In 2018, Counter Culture became the first specialty coffee roasting company to utilize optical sorting technology in post-roast quality control of its coffees. This is a technology that has long existed in a variety of commodity value streams to guarantee consistency of the finished product. Ever wonder how every single rice grain in a bag of rice is consistent in color, shape, and size? Or peanuts? Beans? Corn? That’s right! An optical sorter sorts them!
In the coffee industry, a large percentage of the unroasted green coffee goes through an optical sorter before export. This is why it arrives at the roastery so beautiful and consistent. But post-roast optical sorting is a very new to the process. And we were the first to try it!
How Does An Optical Sorter Work?
An optical sorter works kind of like a very fast, very observant eye, programmed to identify the correct color, shape, and size of your product – in our case, coffee! Roasted coffee is poured past the eye at very high speeds out of a hopper. Any coffee beans that don’t meet the set standards are - poof! - blown out of the stream by a puff from a precise pressurized air gun. We use a Bühler Sortex at our East Coast roastery and a Satake Sorter at our West Coast facility.
Why Is Optical Sorting Necessary?
Specialty coffee has been getting along fine all these years, right? In short, yes! Whether our coffees are sorted after roasting or not, they taste delicious. A LOT of care goes into preparing them for shipment. In countries that produce green coffee, exporters use density tables, hand-sorting, and optical-sorting machines to prepare our coffees to the highest standards. Optical sorting after roasting is just another opportunity for us to add value and push potential.
Sorting Out The Quakers
Sorters like the ones we’re using can catch all kinds of things; obvious ones, like foreign objects (no more “how’d this wrench get in here?!”); but when we are sorting, we are primarily looking for quakers. In coffee, when we say quaker, we aren’t talking about oatmeal.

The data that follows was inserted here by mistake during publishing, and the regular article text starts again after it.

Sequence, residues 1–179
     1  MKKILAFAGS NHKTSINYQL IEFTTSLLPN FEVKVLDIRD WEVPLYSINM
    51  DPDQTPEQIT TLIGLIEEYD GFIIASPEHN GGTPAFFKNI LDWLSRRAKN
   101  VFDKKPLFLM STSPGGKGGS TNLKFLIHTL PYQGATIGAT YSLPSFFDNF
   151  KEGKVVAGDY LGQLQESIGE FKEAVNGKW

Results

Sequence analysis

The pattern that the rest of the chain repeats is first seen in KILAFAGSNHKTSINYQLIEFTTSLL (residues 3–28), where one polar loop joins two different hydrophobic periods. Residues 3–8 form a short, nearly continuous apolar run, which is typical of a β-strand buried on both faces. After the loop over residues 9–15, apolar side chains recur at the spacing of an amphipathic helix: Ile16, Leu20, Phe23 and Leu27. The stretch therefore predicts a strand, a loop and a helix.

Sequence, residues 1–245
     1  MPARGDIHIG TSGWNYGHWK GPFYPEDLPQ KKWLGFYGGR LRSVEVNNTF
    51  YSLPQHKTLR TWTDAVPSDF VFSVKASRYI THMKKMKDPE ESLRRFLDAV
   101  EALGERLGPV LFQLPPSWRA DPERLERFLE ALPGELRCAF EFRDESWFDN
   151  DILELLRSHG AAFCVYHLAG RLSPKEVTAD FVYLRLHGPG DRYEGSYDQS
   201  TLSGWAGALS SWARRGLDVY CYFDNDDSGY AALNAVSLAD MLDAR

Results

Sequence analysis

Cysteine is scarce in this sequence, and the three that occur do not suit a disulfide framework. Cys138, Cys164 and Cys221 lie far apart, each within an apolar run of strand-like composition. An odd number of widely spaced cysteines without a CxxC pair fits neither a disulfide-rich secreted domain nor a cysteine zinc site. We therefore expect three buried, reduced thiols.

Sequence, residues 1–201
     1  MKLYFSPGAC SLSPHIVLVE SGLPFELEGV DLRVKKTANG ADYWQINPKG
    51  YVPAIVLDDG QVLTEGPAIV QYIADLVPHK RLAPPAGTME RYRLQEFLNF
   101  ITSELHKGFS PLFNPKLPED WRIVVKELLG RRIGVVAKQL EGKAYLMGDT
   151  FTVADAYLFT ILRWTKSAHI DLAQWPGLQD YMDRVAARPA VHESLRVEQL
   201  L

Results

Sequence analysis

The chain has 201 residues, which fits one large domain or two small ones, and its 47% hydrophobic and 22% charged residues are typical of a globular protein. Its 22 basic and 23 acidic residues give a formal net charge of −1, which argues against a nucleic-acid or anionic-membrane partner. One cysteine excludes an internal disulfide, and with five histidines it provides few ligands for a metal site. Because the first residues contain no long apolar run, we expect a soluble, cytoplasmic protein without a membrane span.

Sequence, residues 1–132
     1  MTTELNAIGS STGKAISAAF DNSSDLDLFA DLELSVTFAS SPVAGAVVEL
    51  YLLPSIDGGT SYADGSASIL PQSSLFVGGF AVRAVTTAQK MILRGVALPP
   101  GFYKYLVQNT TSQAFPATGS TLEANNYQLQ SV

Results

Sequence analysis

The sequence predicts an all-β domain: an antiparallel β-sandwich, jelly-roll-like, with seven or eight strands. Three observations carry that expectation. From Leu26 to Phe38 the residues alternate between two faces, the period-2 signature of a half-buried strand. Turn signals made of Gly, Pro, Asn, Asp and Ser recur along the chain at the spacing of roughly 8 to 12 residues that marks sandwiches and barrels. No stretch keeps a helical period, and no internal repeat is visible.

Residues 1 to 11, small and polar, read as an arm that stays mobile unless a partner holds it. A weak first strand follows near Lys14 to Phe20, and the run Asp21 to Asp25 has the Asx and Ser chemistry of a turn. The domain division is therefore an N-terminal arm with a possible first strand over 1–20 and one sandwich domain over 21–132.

What Is A Quaker?
Coffee quakers are beans that develop much slower in the roaster because their fruit didn’t produce enough sugar while on the coffee plant. They turn bright yellow or tan while the rest of the coffee turns brown. This can happen when coffee is picked underripe, but it is possible to pick a coffee cherry that looks perfectly ripe and still get a quaker.
Diseases that affect plant health, like leaf rust, definitely cause quakers. We have seen a significantly higher number of quakers in coffees whose trees suffered from that disease.
Fun Fact: No one knows for sure why they are called quakers. Seriously!
Tuning The Optical Sorter
Tuning the optical sorter is a tricky job. Make its tolerances too strict, and it will start rejecting perfectly good coffee beans. Too broad, and it will allow a lot of quakers through. Our goal is to have a 97 percent reduction in quakers. That doesn’t mean we get every single quaker, nor does it mean that all of the removed coffee is imperfect. But it dramatically lowers the instance of quakers, improving the consistency and flavor of your coffee.
We’re removing .5-5% of any particular coffee, with more quakers being removed from naturally processed coffees than washed coffees. Nothing goes to waste, though! We re-roast the rejected coffee (sometimes called a “swiss roast”) and then donate that coffee to local organizations.
While eliminating quakers is our primary goal, using an optical sorter is very new in post-roast coffee, and other opportunities are being explored. Any technology we can use on our end to improve coffee quality and take some of that burden off of our producer partners is good for the value stream. We are excited about the possibilities!